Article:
Just days before kickoff, the Atlanta Legends announced that offensive coordinator Michael Vick was stepping down from his position. At the time, head coach Kevin Coyle implied that Vick could stay with the team in some capacity, just not as a coordinator. We finally know what that role is, as the AAF head of football strategy Jeff Fisher announced Vick will take on a role with the league’s administrative body, specifically with player development.
AAF News: Michael Vick Shifts to Administrative Role
Vick won’t coach for the Legends this season, but he will remain in Atlanta as an “off-the-field” presence. Working alongside former Pittsburgh Steelers wide receiver Hines Ward, Vick will help the league’s players develop while also monitoring and helping with their welfare. Vick will reportedly spend the majority of his time in Atlanta.
Vick initially agreed to be the Legends offensive coordinator under Brad Childress. An offensive-minded coach, the plan was for Childress to help develop Vick as both a play-caller and a coach. Vick spent the summer of 2018 as a coaching intern with the Kansas City Chiefs but never worked as a positional coach or coordinator before.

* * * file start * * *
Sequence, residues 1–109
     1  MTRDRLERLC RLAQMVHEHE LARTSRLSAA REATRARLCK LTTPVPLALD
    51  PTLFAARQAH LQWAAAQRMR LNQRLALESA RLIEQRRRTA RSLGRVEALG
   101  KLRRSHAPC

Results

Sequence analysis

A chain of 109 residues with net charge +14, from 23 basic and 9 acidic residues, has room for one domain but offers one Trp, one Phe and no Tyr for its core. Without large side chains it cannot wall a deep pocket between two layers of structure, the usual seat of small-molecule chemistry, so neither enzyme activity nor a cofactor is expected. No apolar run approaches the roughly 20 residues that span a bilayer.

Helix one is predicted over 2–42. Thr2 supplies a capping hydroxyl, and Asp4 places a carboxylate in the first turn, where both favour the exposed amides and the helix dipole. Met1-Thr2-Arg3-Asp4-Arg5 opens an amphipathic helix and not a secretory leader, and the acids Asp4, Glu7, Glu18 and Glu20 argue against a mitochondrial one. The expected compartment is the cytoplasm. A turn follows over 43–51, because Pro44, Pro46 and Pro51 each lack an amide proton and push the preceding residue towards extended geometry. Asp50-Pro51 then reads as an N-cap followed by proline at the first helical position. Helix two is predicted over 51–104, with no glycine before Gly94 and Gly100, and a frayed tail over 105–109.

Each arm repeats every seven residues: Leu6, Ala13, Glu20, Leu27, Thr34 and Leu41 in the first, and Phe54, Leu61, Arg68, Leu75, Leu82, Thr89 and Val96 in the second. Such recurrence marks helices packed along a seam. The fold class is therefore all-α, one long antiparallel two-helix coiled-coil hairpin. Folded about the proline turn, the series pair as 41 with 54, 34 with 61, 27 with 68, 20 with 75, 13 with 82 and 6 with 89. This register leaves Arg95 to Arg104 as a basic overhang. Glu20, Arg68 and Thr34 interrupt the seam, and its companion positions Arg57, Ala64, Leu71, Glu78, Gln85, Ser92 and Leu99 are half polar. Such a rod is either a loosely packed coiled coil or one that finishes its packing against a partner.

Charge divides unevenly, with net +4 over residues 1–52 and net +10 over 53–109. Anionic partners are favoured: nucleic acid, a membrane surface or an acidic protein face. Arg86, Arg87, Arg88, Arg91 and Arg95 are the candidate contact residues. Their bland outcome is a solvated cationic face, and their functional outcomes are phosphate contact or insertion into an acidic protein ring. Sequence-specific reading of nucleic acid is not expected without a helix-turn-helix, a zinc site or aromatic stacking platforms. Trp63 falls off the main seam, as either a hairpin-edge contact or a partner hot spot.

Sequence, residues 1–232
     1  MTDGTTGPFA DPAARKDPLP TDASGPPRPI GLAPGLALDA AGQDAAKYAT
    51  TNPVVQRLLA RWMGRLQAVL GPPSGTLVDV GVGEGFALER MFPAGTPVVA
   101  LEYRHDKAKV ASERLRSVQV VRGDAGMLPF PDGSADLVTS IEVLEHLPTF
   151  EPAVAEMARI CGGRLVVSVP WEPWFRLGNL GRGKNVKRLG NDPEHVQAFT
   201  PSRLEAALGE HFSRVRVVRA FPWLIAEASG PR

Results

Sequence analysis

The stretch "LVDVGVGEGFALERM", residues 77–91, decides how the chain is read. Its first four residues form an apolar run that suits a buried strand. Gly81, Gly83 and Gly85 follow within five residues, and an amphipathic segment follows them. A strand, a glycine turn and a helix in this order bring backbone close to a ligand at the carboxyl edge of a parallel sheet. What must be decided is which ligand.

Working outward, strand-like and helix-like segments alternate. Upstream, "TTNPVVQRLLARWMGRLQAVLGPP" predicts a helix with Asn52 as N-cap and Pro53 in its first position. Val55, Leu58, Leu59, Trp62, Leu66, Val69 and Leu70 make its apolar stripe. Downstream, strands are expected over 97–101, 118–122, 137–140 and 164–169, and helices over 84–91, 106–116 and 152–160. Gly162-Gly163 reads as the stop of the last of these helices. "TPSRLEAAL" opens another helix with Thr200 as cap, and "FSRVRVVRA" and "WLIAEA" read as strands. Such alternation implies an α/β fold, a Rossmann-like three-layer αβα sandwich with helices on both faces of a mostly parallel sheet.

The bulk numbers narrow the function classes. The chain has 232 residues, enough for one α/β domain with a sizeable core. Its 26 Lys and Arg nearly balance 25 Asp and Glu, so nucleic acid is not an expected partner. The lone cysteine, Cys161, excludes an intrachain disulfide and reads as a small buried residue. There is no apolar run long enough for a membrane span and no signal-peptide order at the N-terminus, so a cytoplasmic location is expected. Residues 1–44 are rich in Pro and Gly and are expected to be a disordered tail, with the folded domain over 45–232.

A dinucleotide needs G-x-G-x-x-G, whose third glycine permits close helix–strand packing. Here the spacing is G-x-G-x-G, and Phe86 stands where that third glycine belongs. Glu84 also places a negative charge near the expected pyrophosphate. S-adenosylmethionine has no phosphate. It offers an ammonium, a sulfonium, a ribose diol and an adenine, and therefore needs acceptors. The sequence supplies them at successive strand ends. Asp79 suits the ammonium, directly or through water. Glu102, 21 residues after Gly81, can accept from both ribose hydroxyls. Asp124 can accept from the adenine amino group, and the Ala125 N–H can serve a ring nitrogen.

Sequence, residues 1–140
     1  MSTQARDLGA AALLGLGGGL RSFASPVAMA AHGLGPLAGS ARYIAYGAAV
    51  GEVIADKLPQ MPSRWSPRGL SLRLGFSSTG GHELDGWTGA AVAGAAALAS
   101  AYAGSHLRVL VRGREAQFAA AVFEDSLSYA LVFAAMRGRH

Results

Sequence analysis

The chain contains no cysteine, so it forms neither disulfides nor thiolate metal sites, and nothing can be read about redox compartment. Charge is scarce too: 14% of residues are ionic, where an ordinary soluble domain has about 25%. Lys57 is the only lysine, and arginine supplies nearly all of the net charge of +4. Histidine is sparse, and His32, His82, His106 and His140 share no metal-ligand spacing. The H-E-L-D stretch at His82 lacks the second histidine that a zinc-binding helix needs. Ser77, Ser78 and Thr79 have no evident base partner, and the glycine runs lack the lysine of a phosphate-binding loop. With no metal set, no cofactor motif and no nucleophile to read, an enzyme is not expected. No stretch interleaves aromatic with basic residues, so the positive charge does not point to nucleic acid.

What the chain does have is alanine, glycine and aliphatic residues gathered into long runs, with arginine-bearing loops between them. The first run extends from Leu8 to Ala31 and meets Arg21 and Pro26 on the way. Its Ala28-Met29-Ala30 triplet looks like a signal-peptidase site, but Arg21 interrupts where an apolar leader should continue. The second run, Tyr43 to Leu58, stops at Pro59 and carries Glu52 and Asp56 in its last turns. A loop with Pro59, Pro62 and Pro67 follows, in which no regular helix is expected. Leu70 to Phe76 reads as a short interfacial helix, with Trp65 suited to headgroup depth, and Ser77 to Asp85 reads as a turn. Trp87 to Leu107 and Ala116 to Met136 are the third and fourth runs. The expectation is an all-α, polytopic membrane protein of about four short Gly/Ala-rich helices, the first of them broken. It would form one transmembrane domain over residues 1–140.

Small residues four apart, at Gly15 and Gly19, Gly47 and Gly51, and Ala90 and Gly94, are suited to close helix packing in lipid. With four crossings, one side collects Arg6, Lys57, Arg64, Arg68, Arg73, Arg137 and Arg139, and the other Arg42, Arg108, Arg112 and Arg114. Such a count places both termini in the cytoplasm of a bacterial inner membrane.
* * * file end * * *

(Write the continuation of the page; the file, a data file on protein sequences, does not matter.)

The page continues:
However, Childress resigned roughly one month before the start of the season. Now working with the defensive-minded Kevin Coyle, Vick had to shoulder a larger burden. Fisher said that things “got hard” for Vick without Childress’ guidance, as the scope of the job was too much for the inexperienced Vick to handle.
Vick will most likely remain close to Atlanta, which is good news for the fanbase. Entering the NFL in 2001, Vick quarterbacked the Atlanta Falcons from 2001 to 2006. During that time, Vick established himself as one of the most explosive and exciting players throughout the league. As a member of the Falcons, Vick threw for 11,505 yards and 71 touchdowns while adding an additional 3,859 yards and 21 touchdowns on the ground. Of course, Vick’s tenure in Atlanta was cut short due to a dogfighting scandal which ended with an 18-month jail sentence and an additional two months of house arrest.
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